OCDSB parents given 2 weeks to decide about fall school return

The Ottawa-Carleton District School Board (OCDSB) has given its parents a mid-March deadline to decide whether their children will attend school virtually or in-person this fall.

Board expects most parents will choose in-class learning rather than virtual

The Ottawa-Carleton District School Board says parents need to decide by midnight on March 14, 2021, whether their children will attend class in-person or virtually this fall. (Danny Globerman/CBC)

The Ottawa-Carleton District School Board (OCDSB) has given its parents a two-week deadline to decide whether their children will attend school virtually or in-person this fall.

The board says parents will receive a form on Monday and are required to return it by March 14 with their decision on what they plan to do come September, more than five months away.

According to OCDSB, if parents don't return the form, they'll assume the students will be attending in-person. 

"This is an important decision, and we encourage you to discuss this matter with your child," a letter sent to parents Saturday morning reads.

"Remember, this decision will be for the entire school year. It will be difficult to transition students later unless it is a critical situation."

'Mechanisms in place' to consider changes

At a board meeting live streamed last week, Brett Reynolds, associate director of education, said they're expecting the vast majority of parents to opt for in-person learning. 

He said the decision needs to be made now so that staffing and scheduling decisions can happen in accordance with collective agreements.

While the deadline is tight, if circumstances change and parents need to change streams, they'll have options, Reynolds said.

"For those people who make the decision and then really, really, really find themselves in a situation where they need support moving back to in-person, we always have mechanisms in place to consider those [requests]," he said.

Ottawa-Carleton Assembly of School Councils co-chair Malaka Hendela, seen here last summer, says making a decision in two weeks will have a 'significant impact' on parents' lives. (Francis Ferland/CBC)

Union says early deadline important

Giving parents only two weeks to make a decision that won't become reality until the fall has a "significant impact," said Malaka Hendela, co-chair of the Ottawa-Carleton Assembly of School Councils.

"The reality is, none of us know what September is going to look like," said Hendela, who also has a child attending one of the board's schools.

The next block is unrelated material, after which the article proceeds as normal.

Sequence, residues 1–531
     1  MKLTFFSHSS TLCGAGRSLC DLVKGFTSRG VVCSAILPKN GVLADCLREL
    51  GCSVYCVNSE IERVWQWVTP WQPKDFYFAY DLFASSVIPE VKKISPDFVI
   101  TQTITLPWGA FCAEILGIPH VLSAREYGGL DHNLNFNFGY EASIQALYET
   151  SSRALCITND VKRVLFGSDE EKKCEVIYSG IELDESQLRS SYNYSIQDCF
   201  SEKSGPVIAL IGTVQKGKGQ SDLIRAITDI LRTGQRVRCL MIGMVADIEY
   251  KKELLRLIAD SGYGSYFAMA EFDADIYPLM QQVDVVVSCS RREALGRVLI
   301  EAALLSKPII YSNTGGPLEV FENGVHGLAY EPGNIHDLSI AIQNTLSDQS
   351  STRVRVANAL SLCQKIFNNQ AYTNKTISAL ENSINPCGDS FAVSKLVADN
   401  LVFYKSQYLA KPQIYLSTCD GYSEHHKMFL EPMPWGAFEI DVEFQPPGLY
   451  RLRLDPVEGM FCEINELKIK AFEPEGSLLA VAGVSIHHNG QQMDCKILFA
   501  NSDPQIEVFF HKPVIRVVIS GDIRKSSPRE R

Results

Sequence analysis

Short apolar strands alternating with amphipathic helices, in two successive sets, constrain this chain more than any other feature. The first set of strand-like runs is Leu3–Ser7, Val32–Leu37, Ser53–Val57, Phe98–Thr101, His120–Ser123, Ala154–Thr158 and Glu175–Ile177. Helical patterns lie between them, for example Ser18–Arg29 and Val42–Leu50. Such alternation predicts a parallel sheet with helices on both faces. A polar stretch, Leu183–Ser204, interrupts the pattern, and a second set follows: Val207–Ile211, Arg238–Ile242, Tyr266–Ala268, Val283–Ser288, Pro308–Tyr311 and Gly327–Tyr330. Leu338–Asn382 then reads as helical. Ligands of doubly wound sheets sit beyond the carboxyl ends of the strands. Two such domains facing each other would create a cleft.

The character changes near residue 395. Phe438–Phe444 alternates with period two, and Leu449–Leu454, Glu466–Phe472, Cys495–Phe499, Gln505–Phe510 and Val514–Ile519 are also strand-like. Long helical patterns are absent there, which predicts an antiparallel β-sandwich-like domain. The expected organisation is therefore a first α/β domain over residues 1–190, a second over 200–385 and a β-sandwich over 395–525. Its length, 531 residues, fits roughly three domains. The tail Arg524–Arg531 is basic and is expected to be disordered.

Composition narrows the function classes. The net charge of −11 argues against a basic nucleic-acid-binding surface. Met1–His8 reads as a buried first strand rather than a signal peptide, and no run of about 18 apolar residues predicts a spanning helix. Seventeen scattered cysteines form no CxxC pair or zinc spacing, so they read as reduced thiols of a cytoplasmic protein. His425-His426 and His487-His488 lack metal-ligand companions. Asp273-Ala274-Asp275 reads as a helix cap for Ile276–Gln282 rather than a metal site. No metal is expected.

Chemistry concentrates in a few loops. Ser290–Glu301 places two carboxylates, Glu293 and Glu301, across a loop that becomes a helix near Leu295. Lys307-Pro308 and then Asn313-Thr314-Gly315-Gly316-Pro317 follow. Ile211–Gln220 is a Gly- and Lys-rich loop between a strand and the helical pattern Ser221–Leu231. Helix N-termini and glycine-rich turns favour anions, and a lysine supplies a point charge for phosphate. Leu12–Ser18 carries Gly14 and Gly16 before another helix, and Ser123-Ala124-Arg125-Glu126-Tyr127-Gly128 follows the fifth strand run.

"So this could be all for naught. This could be a huge amount of [planning] and then at the last minute — like [what] happened last September — we're delayed, we have to pivot, we have to change everything again."

But according to David Wildman, president of the Ottawa-Carleton Elementary Occasional Teachers Association, having a tight deadline is extremely important for planning purposes.

"It's very, very important to the teachers — whether they're occasional teachers or regular teachers — that the staffing process, which is very complex, is allowed enough time to happen," Wildman told CBC.

"So that if they're changing their assignments, they have adequate time to prepare."

Safety protocols in place

In the letter, the OCDSB said schools can be safely operated with proper protocols in place, and that they're open to resuming regular operations incrementally over the course of the next school year. 

Elementary school children who return to in-person learning in September will remain cohorted by class, with staff rotating from classroom to classroom, the board said.

Programs like Google Classroom will remain in place in case they need to switch to remote learning or if an individual student has to be isolated, the OCDSB said.

For secondary students attending class in-person, the school year will be divided into quadmesters, except for the International Baccalaureate Program schools, which follow octomesters. 


Natalia is a multi-platform journalist in Ottawa. She has also worked for CBC in P.E.I. and Newfoundland and Labrador.

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